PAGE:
The last shot of Rooney Mara’s campaign spot for Calvin Klein’s new fragrance Downtown features the actress staring out a taxi window studying a passing New York. This week, many a passenger of the city’s cab-taking classes was not dolefully looking out the window but rather at Mara’s mug, thanks to the video’s frequency of play on those unavoidable in-taxi TVs. In fact, many attendees of Thursday night’s Calvin Klein bash — which celebrated both the new perfume and Francisco Costa’s decade as its women’s Collection creative director — had seen the ad on the trek to TriBeCa’s Spring Studios for the party.
“I’ll have to remember not to take any more cabs here. I’ll take Uber from now on,” Mara said in her measured cadence. The actress looked the consummate Calvin Klein girl on the party’s press line in her silk crepe slipdress from spring 2012, a shock of jet black against her alabaster skin.
“But it was really fun to film,” Mara continued, playing with her rings as she spoke. “I think we took, like, five days; it was summertime in New York, and David Fincher directed it, which was really nice of him to do. We just had a lot of fun.”
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After moseying down the step-and-repeat, revelers mounted a dusty elevator up to the party level. Doors opened to a clean, starkly white room (very on-brand), which was barely lit and thumped courtesy of DJ Mike Nouveau, posted onstage.
Daria Strokous got grooving by the bar to Missy Elliott’s “Work It.” Anh Duong planted herself between Dylan McDermott and Nicole Kidman in the cordoned-off VIP area and gabbed with the actress. The booths got increasingly snug as Leonardo DiCaprio, Drake and their respective entourages were whisked in. Alexis Stoudemire curled up to hubby Amar’e Stoudemire at the next table. Alexander Skarsgård eschewed the velvet rope in favor of mingling with the rubbernecking mortals, most of whom he towered over. Eventually, Pharrell Williams emerged onstage.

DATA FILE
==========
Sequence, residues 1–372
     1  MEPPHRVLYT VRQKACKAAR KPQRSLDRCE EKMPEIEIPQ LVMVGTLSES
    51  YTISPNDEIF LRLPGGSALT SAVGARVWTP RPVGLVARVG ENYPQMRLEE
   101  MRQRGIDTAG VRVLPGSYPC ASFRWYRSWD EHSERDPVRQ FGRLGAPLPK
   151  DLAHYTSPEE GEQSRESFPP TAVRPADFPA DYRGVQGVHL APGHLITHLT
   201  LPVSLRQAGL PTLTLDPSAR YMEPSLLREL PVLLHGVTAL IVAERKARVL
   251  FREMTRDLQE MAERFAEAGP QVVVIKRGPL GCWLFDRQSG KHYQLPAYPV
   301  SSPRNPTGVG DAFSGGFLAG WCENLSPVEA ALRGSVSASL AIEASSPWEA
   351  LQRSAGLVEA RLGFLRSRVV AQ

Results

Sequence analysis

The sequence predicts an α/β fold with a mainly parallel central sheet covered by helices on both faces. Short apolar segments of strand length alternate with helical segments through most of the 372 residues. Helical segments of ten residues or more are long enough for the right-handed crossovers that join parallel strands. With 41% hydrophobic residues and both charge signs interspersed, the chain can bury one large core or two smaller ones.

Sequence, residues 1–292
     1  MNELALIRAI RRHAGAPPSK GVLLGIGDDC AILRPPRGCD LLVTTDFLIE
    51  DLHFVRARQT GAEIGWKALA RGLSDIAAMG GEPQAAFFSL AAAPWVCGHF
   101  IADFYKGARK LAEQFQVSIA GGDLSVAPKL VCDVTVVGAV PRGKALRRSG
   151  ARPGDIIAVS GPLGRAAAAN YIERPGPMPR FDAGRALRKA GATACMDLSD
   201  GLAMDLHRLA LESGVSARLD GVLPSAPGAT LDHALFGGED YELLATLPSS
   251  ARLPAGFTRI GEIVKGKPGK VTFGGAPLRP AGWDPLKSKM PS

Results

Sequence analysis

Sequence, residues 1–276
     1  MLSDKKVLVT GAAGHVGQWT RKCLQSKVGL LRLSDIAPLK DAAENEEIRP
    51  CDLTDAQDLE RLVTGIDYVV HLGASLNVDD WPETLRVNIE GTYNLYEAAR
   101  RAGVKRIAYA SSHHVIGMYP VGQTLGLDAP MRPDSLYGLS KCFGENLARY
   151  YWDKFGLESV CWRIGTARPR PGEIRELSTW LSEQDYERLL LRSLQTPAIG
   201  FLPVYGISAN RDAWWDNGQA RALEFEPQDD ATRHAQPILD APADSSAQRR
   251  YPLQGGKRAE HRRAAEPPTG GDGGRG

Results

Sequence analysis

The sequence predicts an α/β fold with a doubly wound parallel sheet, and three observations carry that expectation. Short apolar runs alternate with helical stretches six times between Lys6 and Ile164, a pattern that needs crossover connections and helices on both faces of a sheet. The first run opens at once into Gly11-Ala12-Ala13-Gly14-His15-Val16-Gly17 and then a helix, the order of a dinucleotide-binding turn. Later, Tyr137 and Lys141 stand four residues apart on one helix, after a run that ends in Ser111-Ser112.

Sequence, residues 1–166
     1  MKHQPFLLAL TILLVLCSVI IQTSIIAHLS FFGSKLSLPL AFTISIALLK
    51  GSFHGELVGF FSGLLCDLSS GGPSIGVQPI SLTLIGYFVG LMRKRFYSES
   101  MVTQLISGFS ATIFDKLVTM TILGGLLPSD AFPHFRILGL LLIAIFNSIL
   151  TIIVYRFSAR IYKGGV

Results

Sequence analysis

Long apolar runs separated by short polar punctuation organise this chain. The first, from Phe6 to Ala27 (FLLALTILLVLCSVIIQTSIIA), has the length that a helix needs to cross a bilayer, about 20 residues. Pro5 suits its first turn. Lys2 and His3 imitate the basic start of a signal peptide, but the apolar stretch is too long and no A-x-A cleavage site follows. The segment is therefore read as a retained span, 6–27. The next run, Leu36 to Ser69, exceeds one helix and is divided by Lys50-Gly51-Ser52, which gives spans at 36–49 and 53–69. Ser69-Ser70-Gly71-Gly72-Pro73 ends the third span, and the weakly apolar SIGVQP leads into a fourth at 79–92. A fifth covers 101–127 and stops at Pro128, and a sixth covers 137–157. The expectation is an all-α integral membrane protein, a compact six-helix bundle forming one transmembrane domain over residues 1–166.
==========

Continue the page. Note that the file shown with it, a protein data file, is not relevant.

“I want to thank Calvin Klein for lending me these jeans and killer white T,” he said into the mic. “Those Nineties ads meant everything to me.”
Revelers began inching their way toward the stage. Female attendees did so with remarkable agility. The crooner got the crowd going, running through his various hit singles, even taking Lily Kwong’s hand in the front row while serenading, “you the hottest bitch in this place” during “Blurred Lines.” Her cheeks burned and she backed herself further into the crowd. Others were not so easily flustered.
“I want all the ladies up here for this one,” Williams commanded. One by one, chicly dressed partygoers ascended — Natalie Joos and Hanneli Mustaparta among them — with Williams himself doing much of the heavy lifting. By the time the performer got to “Beautiful,” he had about a dozen fashion-heavyweights-turned-groupies jiggling beside him, each taking time to court the singer in a one-on-one grind session. One particularly interested reveler batted her eyes at the singer and started to rub his chest. Williams turned toward the woman’s date, still standing in the audience down below. “Sorry dude,” he shrugged.